Wednesday, November 30, 2016


The baby names are back! It kind of pains me to acknowledge that I've been writing about the damn baby names since before the dissertation was finished, but at this point, it'd be ungrateful to deny the value of deranged racist paranoia to the overall scholarly project. And this time, Drudge seems to be committing a couple of basic violations of the way news works. 

First, for you junior-league players, is the axiom that heds are drawn from the lede: If the reporter made something a priority, the hed writer either follows in train or -- should the reporter have somehow* missed the point -- fixes the lede so it reflects the real news. Thus, if you link to the Mirror, which kicks off with Posh and Becks:
Celebrities continue to be a source of inspiration for new parents choosing names for their children.

Coleen and Wayne Rooney's name choices have been extremely popular this year, with twice as many babies called Kit and Klay compared to last year.

But Olivia is officially the most popular name for girls and Oliver the most popular for boys.

... your job is to capture at least some of the Roonsian magic.

More importantly, though, your hed needs to reflect the news itself.  In that Muhammad has been sneaking up on Jack (or Oliver) for years on end, your hed really ought to tell the audience how today is different from yesterday. "Muhammad in second" might have been a big deal when he was closing in, but -- unless the tables are fabricated -- the real story here seems to be that Muhammad has been knocked out of the top spot.

You'd think that might be cause for dancing in the street for Drudge and his ilk. Perhaps he's still trying to figure out how to give credit to his tangerine master.

* Shock horror outrage

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Saturday, November 26, 2016

Order word matters

Yeah, yeah, yeah. Space is limited, and it doesn't always lie in the configuration we wanted, and there's not an "error" here -- but if I had to call this one, I'd say Castro should be filed under Cuban revolutionary, not revolutionary Cuban.

And for those moments when "Due to an editing error ..." isn't enough:

An article on Monday about a rally to protest anti-Semitic, pro-Trump graffiti found in a Brooklyn Heights playground misidentified one of the songs protesters sang. It was “This Land Is Your Land,” not “America the Beautiful.”

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Friday, November 25, 2016

Don't let it fall on me

Q: Is it possible that the drooler media are irredeemably racist?
A: Why, did someone suggest that the drooler media were redeemable?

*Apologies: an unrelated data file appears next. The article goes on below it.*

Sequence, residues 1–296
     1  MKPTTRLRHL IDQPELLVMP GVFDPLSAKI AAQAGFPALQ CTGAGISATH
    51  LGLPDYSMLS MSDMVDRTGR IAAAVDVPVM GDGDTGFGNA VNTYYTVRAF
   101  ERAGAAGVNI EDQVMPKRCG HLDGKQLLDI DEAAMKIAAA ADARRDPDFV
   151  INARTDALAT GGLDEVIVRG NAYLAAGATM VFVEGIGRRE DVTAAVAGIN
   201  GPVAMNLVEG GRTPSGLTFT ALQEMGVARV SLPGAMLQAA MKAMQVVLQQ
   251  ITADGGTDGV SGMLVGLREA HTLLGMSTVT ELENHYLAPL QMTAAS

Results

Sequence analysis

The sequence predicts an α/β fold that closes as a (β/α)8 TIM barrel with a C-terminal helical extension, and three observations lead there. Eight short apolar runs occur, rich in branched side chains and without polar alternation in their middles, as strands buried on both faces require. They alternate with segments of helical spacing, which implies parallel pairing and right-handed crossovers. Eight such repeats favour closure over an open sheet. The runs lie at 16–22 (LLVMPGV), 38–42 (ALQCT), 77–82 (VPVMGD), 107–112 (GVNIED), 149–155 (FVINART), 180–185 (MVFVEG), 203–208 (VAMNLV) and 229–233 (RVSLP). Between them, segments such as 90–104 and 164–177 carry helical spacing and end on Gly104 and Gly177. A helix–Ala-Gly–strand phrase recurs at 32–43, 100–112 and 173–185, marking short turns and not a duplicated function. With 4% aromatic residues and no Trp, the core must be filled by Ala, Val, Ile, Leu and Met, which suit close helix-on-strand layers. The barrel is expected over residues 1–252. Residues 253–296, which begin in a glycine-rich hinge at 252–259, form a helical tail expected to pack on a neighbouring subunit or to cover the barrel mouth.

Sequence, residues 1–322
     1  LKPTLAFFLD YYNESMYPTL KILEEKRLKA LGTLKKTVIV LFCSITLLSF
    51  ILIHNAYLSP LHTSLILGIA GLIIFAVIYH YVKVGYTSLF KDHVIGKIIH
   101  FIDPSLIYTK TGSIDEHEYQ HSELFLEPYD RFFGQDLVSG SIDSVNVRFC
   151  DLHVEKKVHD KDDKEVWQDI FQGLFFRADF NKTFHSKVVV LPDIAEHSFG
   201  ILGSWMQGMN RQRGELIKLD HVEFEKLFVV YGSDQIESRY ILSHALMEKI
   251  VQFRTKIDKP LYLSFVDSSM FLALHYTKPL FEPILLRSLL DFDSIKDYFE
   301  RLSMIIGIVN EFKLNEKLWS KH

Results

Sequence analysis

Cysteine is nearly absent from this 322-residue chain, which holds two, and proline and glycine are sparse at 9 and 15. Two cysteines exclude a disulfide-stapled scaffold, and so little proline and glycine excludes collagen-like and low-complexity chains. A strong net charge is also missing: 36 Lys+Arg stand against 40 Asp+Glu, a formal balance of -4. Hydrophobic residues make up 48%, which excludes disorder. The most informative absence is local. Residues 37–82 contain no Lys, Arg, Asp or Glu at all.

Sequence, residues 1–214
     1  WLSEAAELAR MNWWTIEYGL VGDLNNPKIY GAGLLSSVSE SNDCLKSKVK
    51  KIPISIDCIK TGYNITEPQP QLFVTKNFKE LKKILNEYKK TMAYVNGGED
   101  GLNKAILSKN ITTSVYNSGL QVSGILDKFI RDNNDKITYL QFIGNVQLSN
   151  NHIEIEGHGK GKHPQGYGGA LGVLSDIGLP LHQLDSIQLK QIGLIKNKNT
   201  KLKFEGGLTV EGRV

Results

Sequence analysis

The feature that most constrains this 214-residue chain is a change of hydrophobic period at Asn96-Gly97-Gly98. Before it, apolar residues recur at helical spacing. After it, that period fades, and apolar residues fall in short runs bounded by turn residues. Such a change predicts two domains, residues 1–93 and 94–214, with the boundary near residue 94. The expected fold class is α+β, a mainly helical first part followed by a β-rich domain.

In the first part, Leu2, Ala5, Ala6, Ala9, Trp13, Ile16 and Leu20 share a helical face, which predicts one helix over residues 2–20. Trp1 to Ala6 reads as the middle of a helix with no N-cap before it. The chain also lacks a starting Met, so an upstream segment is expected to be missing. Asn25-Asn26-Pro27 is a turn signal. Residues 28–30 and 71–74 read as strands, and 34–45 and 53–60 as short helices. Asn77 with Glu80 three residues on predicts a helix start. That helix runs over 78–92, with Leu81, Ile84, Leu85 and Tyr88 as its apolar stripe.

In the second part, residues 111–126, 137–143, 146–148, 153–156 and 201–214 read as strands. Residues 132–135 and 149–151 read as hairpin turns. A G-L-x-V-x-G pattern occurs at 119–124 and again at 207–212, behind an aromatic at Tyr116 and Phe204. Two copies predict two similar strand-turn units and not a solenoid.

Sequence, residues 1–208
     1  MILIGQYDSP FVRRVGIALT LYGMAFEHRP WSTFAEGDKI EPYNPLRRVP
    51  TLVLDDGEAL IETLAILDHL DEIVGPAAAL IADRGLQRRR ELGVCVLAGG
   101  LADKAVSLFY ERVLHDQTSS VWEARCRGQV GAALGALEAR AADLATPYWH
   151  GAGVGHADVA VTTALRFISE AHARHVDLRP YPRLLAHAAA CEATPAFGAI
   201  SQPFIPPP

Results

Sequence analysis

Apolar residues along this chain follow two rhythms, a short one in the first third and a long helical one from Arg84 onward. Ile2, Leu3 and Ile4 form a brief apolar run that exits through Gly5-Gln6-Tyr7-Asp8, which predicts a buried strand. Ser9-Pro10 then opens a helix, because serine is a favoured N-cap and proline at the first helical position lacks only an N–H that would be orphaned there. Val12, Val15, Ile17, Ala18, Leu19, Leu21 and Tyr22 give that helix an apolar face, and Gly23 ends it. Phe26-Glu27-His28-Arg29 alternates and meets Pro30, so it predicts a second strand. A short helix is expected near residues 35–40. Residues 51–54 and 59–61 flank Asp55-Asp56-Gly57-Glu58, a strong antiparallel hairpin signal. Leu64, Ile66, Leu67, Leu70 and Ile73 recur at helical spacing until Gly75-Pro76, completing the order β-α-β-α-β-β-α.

(Top, 2016; bottom, 2015. Guess the occasion!)

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Sunday, November 20, 2016

Today in snowflakery

And what special snowflake's hurt feelings brought about Saturday morning's top story at the Fair 'n' Balanced Network?

President-elect Donald Trump on Saturday said the cast of the hit Broadway show “Hamilton” was “rude” to White House teammate Mike Pence and that he deserves an apology for being “harassed.”

“Our wonderful future V.P. Mike Pence was harassed last night at the theater by the cast of Hamilton, cameras blazing. This should not happen!” Trump tweeted.

The ticket that campaigned against the scourge of political correctness needs to clutch its teddy bear a little tighter. Gov. Pence was not "harassed." He was addressed as "sir," not "you chinky-ass bitch," and he was not told to return to the land his grandfather immigrated from.* But we do have a better idea about what the president-elect meant when he promised to "open up those libel laws": sedition and seditious libel!

Seditious libel is the kind we thought we got rid of 200 years ago,** in which hurting the feelings of the authorities is bad in and of itself: "The intentional publication, without lawful excuse or justification, of written blame of any public man, or of the law, or of any institution established by law." Rather than being a defense, truth is an aggravating factor. Nelson (1959), from which the preceding definition is taken, raises a question that's particularly relevant to Fox: "Would it have been wise, under these concepts, to suggest that Governor William Cosby*** spent too much time on the golf course?"
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Friday, November 18, 2016

Trump makes sun rise in East

There was certainly good news this morning, Mr. and Mrs. America: Guess which cowardly automaker backed down in the wake of the radiant one's victory? (The flag is a lovely touch; Drudge has used it before on stories that were, um, completely false, but what's a little framing among friends?)

As almost everyone has already pointed out, no. The image isn't technically a lie -- Ford is, after all, staying -- but does qualify as cask-strength bullshit, in that Ford had never planned to leave. It had apparently been considering sending production of one SUV to Mexico so it could make more of one that sold better at the current plant. As the Reuters update puts it: